Now that the BJP has won and finally received a majority mandate from the people of India, it is time to fulfil the expectations. We can only hope the party will not be foolish enough to squander away the goodwill it has earned in this election. Make no mistake, the party has not won solely on the basis of Hindu votes (you can’t get a majority in UP if you simply reply on one section) nor do the voters want a Ram temple from them. This is a vote for development and if the BJP falters on this aspect, then they will meet the end of Mayawati.
Narendra Modi has done a lot for the energy sector in Gujarat. He built more than 900 MW of solar power capacity in Gujarat which represents one-third of the total capacity in India. Gujarat also has the distinction to have the first climate change department in Asia and also the first state to bring out a comprehensive solar policy. The most famous and unique solar power project was also from Gujarat which is the 2012 Canal-top Solar Power Plant built on the Narmada canal. Modi’s government also brought many unique concepts such as Rent a Roof wherein you could rent your roof for a solar PV project.
Green Clean Guide has been closely following the electricity scenario in different states and in our article for Gujarat, we pointed out that Gujarat was one of the few states in India that is rapidly progressing towards ensuring energy security. Read more on electricity scenario of the state of Gujarat here. Chief among the projects that he should continue (and the BJP manifesto also promises to continue) is the National Solar Mission.
The time for abolishing subsidies has come. No economy can survive on subsidies. Something Gujarat has already begun and needs to be replicated in other parts of India is the differentiation of subsidies such as electricity for farmers. Give them free electricity during day time and charge at full rates for non- day time consumption. Which farmer does farming at 10 pm at night? And why must he get free electricity for non-agriculture applications. The previous government had a plan of bringing electricity to every household in India by 2012 which of course it could not fulfill. Modi must take up this mantle and fulfill it.
Another promise which he needs to fulfill is the Pradhan Mantri Gram Sinchani Yojana which will provide irrigation facility to every farm. As of now, only about 26 per cent, 16.2 per cent and 14.4 per cent of the total cultivation area under oilseeds, pulses and coarse cereals, respectively, is irrigated in India.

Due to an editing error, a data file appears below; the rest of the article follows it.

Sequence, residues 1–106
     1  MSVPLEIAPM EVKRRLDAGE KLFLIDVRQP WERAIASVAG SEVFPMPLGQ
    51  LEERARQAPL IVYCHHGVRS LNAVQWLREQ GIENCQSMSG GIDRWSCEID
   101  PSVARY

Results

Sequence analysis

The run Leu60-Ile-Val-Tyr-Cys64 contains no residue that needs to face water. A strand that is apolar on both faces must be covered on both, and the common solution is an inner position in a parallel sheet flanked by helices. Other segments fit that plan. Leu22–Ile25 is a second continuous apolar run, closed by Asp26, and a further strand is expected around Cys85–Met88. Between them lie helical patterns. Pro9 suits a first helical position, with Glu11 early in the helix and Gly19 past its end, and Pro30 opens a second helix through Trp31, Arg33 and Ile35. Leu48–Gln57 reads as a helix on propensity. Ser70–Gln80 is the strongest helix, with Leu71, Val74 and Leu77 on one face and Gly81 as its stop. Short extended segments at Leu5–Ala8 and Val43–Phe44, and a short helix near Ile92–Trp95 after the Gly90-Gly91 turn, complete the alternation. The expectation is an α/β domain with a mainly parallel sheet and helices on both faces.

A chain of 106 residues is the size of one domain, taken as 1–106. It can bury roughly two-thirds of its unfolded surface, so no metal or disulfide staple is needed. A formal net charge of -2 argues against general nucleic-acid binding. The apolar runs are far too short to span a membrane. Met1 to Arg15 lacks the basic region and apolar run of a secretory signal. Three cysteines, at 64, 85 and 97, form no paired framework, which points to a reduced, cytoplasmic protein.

Green Clean Guide recently also interviewed personnel from the Climate Policy Initiative that had published a report on, “Solving India’s Renewable Energy Financing Challenge: Instruments to Provide Low-cost, Long-term Debt.” As per the report’s findings, “the biggest barrier to renewable energy in India is the inferior terms of debt – i.e., high cost, short tenor, and variable rate – which raises the cost of renewable energy in India by 24-32% compared with similar projects in the US.”
So the new government also needs to take strong measures to shift from a present subsidy rich model towards a debt providing structured model to push renewable energy growth in the country.
Improved public transportation is the need of the hour. The metro success needs to be replicated in as many areas of the country as possible which will in turn reduced need for personal methods of transport. Incentives need to be provided for replacing older vehicles with newer ones.
The current rigid pricing mechanism for energy in India where the government plays a dominant role needs to be restructured. Regulators independent from government control need to be setup that will in turn base pricing on real costs.
Infrastructure development is also necessary. A separate renewable energy grid is necessary for the country given that renewable will be supplying more energy into the grid in the coming years.
Lastly, the new government should ensure through its policies that energy security in India and specifically getting electricity should be seen as a commodity which consumers should be willing to pay for and not as a fundamental right.